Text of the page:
They say that every man has a mistress, but they never tell you the true cost of such an affair. Make your affair an affordable one. Take your spouse to Hawaii, and start an island affair of your own.

I Am Not a Tree Hugger  

Posted by Brock Booher

I am a conservative. I vote for conservative candidates. I am not convinced that the science of global warming is solved, nor do I support a government cap-and-trade system to stem carbon emissions. I am not a tree hugger.

I am not a tree hugger because of the hypocrisy of the environmental elitists. Their do-as-I-say-not-as-I-do attitude has kept me from being as “green” as Kermit the Frog. They fly around on private airplanes drinking bottled water accepting awards for their groundbreaking “documentaries” demanding us to save the planet - So much for leading by example.

Hypocrisy aside, we do face some serious environmental challenges that threaten other species as well as our way of life. We have been poor stewards of a glorious world bursting with resources that have enhanced and enriched our lives. We have failed to care for Mother Earth and have treated her like an aging and senile mother that only deserves to be locked away in a retirement home and visited occasionally with token gifts of appreciation.

If we don’t do a better job, she is going to write both liberals and conservatives out of her will.

I am not a tree hugger, yet I care deeply about our planet and the health of our environment. I believe that conservatives can save the planet.

In the North Pacific Gyre a huge mass of debris and trash floats along swirling like some large cosmic galaxy of garbage. The currents of the North Pacific act as a gravitational pull that cause the planets of refuse to be sucked into this black hole of trash. The Great Pacific Garbage Patch is estimated to be larger than the state of Texas, and it is growing.

Who is responsible for this trash catastrophe? We all are.

On average, each person generates almost 500 kilograms of waste per year. This river of rubbish is not always controlled or contained and ends up as flotsam in our streams, rivers, and eventually our oceans. Some of that litter will end up as a constellation in that galaxy of garbage in the Pacific.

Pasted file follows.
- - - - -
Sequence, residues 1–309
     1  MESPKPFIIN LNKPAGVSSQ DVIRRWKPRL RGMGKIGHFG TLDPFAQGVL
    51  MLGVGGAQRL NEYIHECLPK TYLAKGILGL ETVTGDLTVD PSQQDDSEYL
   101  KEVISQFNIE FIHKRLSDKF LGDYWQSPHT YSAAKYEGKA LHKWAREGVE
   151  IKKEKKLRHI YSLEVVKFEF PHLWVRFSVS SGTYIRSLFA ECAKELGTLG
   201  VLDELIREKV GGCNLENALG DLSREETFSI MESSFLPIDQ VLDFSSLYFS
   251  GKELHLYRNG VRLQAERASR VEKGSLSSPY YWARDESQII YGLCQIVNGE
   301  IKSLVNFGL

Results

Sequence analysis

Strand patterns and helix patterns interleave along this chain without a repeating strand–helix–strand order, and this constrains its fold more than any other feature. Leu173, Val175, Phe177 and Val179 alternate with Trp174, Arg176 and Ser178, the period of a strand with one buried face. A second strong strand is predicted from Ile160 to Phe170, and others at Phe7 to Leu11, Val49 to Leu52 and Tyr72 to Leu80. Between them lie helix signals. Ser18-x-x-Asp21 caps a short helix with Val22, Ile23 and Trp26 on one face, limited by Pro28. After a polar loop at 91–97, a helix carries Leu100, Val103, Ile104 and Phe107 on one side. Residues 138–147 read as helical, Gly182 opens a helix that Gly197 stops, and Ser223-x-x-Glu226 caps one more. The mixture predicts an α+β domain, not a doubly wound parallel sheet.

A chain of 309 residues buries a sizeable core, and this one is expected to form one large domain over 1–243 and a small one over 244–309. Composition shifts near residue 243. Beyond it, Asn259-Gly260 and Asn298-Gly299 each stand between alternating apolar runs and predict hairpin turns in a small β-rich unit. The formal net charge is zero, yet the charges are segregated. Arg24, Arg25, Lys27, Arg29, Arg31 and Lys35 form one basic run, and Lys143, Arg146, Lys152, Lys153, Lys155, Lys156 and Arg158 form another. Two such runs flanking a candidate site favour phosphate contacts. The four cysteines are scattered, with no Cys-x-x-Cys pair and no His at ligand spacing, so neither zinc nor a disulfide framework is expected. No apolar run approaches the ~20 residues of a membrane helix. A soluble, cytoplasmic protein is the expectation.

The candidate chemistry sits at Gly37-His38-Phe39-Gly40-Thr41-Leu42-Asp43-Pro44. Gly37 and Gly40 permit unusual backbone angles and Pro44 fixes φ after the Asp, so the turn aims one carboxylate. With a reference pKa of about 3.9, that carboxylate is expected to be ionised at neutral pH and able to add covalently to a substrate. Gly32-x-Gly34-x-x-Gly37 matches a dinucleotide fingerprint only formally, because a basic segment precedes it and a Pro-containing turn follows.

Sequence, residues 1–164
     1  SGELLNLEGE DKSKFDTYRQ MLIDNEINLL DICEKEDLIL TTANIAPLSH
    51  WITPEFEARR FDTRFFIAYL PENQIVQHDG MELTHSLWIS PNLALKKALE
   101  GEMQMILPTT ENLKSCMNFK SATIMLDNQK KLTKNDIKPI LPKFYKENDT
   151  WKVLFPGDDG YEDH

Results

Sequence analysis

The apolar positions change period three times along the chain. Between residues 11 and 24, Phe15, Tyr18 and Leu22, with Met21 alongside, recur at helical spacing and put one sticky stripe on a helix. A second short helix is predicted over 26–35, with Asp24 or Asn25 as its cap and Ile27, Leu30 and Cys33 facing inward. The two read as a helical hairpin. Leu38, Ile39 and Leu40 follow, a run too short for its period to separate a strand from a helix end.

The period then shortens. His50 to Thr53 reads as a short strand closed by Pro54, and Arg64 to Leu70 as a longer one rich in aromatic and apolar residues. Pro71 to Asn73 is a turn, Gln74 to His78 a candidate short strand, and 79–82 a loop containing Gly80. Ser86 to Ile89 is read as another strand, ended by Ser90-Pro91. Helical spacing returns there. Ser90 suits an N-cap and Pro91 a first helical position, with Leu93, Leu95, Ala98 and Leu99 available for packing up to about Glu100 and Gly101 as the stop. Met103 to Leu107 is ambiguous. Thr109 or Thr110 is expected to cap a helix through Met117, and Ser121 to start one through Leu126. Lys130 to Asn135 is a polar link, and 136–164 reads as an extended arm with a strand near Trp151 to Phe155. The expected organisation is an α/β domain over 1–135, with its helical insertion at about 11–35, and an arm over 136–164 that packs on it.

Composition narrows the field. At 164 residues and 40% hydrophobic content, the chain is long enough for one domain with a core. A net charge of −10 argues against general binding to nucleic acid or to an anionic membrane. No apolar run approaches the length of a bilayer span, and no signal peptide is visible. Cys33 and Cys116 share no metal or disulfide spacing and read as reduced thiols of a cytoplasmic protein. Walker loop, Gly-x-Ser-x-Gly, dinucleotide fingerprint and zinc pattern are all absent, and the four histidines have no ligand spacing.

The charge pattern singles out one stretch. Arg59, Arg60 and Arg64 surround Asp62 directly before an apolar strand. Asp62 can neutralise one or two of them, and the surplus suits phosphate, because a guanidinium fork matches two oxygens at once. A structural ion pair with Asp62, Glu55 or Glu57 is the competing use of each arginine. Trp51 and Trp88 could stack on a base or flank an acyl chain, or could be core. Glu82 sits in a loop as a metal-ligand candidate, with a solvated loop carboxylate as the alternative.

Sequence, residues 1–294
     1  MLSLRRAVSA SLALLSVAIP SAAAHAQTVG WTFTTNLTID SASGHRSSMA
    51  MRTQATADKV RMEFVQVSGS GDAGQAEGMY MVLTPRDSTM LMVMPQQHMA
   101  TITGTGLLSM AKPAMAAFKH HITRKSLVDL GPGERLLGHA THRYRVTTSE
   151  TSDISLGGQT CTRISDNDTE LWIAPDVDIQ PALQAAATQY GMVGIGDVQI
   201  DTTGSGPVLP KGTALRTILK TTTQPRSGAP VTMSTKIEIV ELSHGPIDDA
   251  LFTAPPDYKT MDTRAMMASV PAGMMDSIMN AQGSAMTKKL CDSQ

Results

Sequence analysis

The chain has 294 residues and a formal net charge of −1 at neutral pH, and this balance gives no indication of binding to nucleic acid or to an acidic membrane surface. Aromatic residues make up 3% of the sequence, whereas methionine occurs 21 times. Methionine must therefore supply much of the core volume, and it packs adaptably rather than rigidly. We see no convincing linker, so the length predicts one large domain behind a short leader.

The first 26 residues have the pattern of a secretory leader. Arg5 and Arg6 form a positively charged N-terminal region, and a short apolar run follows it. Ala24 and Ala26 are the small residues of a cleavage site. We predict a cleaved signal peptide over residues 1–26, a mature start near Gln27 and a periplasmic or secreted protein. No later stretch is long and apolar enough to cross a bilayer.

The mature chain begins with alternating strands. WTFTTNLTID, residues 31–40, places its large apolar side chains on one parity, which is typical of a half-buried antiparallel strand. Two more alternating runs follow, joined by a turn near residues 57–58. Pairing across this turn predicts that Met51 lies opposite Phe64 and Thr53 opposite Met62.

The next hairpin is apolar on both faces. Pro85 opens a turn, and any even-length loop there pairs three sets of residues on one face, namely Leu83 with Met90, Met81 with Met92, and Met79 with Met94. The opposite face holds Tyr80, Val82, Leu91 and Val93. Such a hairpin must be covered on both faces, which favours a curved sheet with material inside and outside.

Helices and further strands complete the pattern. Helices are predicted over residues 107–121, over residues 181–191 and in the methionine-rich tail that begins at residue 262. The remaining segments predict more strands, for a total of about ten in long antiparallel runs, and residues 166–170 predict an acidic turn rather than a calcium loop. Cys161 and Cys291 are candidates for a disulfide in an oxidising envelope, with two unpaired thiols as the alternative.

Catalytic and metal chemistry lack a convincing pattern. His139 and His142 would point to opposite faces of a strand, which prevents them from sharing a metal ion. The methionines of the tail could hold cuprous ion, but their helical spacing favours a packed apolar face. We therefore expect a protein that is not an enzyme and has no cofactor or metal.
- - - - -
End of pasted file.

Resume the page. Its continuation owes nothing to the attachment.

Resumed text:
As a conservative, I don’t think the problem can be solved by government decree, or through some fancy new cap and trade scheme, but it can be solved by the very people that created it – Us. Since we created the problem, we can fix it. We may not relate to saving the rain forest or feel empowered enough to stop global warming, but each of us has the power to control the trash of the world in three easy steps – Control, Reduce, and Inspire.

Our first step is to take personal responsibility for our own trash and control its disposal. The Boy Scouts have a camping policy – Leave no trace behind. We should adopt that policy in our daily lives when it comes to trash. We make sure that we leave no trace of trash behind us in our daily activities. We must control every single item of debris that we generate, right down to the smallest candy wrapper. We must never litter.

Next we should examine our daily habits and reduce the amount of waste that we create. How many things do we send off to the landfill that could be reused or recycled? If each of us recycled at least ten percent of our waste, we would reduce the amount of waste by over 15 billion kilograms of waste each year in the United States alone. Every piece of trash that we recycle is one less star in that swirling cesspool in the Pacific.

More important than regulating, reusing, or recycling, is our attitude. A conscientious attitude is contagious. If we display a genuine caring attitude towards our Mother Earth, others around us will also become more aware. We don’t have to preach some self-righteous doctrine of environmental elitism. We don’t need to browbeat our neighbors into to ecological submission. We simply need to start with our own individual actions and make our attitude contagious. Some will follow our example.

We can clean up our yard. We can clean up our street. We can clean up our neighborhood. We can clean up our city. Every piece of trash that is left to blow in the breeze or float along a waterway will eventually end up spoiling a vista or damaging a habitat. If each of us were to pick up one errant piece of trash a day, our world would be more beautiful and livable. It doesn’t take a mandate from the United Nations, it only takes the courage of one individual to act.

Future generations deserve a healthy world to live in. We owe them that much. Hypocritical environmental elitism will not accomplish the task. Individual responsibility will.

Before we set out to save the rain forest, let’s try cleaning up our own backyard.